As expected, the final date for easing of remaining restrictions has been postponed. It is currently set for July 19 although there are rumours it might be brought forward by two weeks. Although there are currently no obstacles for UK residents to walk the Thames Path, with transport, hotels and restaurants all functioning, the hospitality industry is still facing enormous challenges. The social distancing laws prevent the restaurants and cafes from operating at full capacity. Furthermore, there seems to be an endemic staffing problem in the industry. If you look carefully, you will see “we’re hiring” notices in almost every pub. So do try and be understanding if service is not up to scratch.
Following a spate of prolonged sunshine the rain returned with a vengeance on Friday. There’s no cause for concern as river levels are low, although there may be some flash flooding on smaller tributaries. Aside from a few puddles on the path, no damage seems to have been done.
The Path is, however, starting to get overgrown in places. One of the most notorious spots is just past Culham where ordinarily there are many brambles. Whilst these are not yet a problem, there are a lot of nettles. A walking stick and long trousers are recommended.
This week marks the 900th anniversary of Reading Abbey and, to celebrate, Waterfest, a community-based event, will be hosting an exciting mix of arts, culture and heritage. The Abbey’s history will be brought to life through a civil war camp and a medieval village.
There will be a “Come and Sing” at Dorchester Abbey on August 19 where Matthew Coleridge’s Requiem will be performed. This will be an all-day event for prospective choralists although you could just come and listen to the performance at 6.30pm. More details here.
The Marlow Regatta, which is scheduled for today at Dorney Lake, will be a closed doors affair. The other big event this week, slightly away from the river, was Royal Ascot.
Brunel Museum in Rotherhithe is hosting a walking tour on June 25 covering workhouses, docks, shipbuilders and local residents. Tickets can be purchased here. A walking tour of Wapping, just across the water, is also available, also hosted by the Brunel Museum.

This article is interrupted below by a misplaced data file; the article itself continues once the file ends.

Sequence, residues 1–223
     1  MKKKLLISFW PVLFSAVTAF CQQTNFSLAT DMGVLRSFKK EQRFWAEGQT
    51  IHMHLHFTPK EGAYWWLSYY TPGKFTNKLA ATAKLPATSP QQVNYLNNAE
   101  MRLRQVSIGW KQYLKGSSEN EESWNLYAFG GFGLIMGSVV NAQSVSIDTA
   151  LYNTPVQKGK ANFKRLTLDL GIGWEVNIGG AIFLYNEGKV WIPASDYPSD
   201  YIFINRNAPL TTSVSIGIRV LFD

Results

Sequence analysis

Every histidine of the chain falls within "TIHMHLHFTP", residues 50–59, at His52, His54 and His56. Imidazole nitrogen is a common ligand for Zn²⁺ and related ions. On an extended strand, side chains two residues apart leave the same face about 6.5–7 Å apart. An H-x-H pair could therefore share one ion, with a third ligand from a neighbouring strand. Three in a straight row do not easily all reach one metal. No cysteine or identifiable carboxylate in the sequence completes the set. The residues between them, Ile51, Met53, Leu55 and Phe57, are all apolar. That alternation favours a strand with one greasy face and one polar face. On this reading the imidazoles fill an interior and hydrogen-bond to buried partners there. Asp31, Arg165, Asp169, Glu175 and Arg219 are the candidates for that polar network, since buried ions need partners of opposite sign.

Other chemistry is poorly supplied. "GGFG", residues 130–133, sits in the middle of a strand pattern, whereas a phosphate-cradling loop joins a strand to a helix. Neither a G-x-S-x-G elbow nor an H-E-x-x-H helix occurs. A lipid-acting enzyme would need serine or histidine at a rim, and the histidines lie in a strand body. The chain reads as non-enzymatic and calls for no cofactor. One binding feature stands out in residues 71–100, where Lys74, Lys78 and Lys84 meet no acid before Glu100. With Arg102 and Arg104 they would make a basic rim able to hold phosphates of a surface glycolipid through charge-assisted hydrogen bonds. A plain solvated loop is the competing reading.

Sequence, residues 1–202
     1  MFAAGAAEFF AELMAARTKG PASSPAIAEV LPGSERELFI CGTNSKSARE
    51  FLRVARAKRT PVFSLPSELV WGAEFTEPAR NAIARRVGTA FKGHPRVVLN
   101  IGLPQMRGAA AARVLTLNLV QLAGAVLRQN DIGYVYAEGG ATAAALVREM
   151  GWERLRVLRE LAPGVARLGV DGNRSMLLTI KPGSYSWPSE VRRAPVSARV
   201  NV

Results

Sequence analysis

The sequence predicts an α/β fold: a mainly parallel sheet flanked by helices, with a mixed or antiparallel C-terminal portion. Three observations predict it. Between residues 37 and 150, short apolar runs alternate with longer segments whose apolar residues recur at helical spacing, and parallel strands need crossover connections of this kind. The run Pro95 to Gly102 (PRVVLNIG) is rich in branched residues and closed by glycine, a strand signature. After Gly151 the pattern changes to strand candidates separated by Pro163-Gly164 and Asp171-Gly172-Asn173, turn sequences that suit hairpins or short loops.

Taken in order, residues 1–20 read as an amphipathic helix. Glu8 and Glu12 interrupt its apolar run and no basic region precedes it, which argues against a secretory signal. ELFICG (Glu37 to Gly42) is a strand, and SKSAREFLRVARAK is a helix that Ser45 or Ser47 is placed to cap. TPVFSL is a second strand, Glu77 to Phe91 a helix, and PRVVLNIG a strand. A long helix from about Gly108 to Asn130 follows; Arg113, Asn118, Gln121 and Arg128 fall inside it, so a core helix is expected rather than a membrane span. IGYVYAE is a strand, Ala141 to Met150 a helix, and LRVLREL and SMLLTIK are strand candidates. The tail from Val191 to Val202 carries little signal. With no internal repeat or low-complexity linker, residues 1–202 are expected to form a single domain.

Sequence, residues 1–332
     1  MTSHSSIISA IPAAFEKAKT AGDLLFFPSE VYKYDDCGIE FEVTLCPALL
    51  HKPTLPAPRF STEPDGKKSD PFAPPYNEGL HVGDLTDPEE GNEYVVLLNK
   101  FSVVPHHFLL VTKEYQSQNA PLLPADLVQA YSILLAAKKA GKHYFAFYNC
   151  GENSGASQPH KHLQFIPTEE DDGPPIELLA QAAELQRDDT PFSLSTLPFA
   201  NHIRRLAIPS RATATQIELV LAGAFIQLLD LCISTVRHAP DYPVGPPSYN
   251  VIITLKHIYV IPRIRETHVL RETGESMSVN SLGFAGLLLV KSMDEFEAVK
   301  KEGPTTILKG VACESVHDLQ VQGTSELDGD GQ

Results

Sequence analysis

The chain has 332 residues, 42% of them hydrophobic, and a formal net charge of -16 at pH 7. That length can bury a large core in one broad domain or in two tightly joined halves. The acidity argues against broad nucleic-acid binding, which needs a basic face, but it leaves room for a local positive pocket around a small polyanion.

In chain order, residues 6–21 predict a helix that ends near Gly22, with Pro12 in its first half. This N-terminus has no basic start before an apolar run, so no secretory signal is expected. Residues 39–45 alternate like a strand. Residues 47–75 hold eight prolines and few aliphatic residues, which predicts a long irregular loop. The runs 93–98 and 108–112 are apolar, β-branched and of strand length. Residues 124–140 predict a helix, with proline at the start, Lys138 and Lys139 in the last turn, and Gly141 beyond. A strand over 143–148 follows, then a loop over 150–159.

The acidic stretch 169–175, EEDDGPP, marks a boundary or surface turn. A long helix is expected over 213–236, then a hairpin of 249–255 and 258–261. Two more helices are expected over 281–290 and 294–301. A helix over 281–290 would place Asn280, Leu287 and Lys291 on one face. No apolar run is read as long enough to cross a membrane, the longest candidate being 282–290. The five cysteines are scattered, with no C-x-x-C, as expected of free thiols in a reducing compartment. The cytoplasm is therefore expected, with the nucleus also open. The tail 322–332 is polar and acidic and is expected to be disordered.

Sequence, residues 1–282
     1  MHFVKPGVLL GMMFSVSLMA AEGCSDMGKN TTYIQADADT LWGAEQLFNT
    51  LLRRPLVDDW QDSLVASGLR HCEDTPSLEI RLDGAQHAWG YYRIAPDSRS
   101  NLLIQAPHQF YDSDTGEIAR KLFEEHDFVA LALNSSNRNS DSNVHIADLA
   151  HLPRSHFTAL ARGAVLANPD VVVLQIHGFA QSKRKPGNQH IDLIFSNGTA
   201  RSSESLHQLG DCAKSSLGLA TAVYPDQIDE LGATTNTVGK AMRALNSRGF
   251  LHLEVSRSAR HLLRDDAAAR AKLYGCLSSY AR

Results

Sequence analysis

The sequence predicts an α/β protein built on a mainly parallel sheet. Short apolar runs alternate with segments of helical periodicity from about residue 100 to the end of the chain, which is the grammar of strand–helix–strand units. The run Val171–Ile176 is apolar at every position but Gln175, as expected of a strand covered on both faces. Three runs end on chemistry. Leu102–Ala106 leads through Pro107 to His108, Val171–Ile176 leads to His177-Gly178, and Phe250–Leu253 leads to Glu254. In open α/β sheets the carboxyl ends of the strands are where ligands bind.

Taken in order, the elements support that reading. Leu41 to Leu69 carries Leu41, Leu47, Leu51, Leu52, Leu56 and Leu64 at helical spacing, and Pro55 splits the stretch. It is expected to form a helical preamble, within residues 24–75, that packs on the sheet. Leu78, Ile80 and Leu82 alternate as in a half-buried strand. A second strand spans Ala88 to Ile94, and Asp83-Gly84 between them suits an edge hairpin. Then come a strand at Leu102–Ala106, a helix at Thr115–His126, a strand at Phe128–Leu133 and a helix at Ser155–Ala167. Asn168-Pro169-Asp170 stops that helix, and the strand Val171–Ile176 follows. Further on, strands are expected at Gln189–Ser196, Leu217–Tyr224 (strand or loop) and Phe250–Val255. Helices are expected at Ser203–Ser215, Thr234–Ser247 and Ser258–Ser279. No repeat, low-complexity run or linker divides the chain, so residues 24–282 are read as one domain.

We’ve added a number of hotels to our route planner. The include the Harcourt Arms, Stanton Harcourt; Bath Place, Oxford; the Rose of York, Richmond; the Lodge Hotel at Putney; and the Brewers Inn, Wandsworth. Watch out for more to be added this week including The Prince of Wales, Marlow and Market House, Reading. The Harcourt Arms is proving particularly popular. It’s a mile from the Thames Path but offers a good alternative to the Ferryman at Bablock Hythe.
Waterhay Farm, between Ashton Keynes and Cricklade, has converted a 1960’s horsebox as a glamping site. Cooking facilities include gas hob and fire pit. Toilet facilities include a compost loo and a shower housed in a converted horse box. There’s a 2 night minimum stay which can be booked through Canopy and Stars.
The Thames Riviera at Maidenhead is closed for refurbishment. We don’t have a date for when it will re-open.
The Perch at Binsey (just before Oxford) is celebrating English Wine Week by serving Renaissance wine from the Bothy Vineyard in Abingdon.
If walking in the vicinity of Wittenham Clumps, look out for bee orchids. These protected flowers look like a female bee. Males try to mate with it and pollinate the flower instead.
We found ourselves mostly in the central part of the Thames – between Abingdon and Windsor. Here are some random shots: Clockwise from top left: Marlow Bridge and Church; a pillbox appearing to be renovated at Cholsey Marsh; Sutton Bridge near Culham; the Long Walk at Windsor – one of our suggested detours..
If out walking on the Thames Path this week you might have seen a pedalo. A team has been trying to beat the world record for “pedalling” the length of the Thames! The current record is two days ten hours and fifteen minutes. The team, which includes former England hooker Andy Long and international decathlete Alex Gibson, are raising money for Challenging MND, a charity founded by Alex Gibson who was himself diagnosed with Motor Neurone Disease in 2018.
Bye for now and hope to see you on the trail!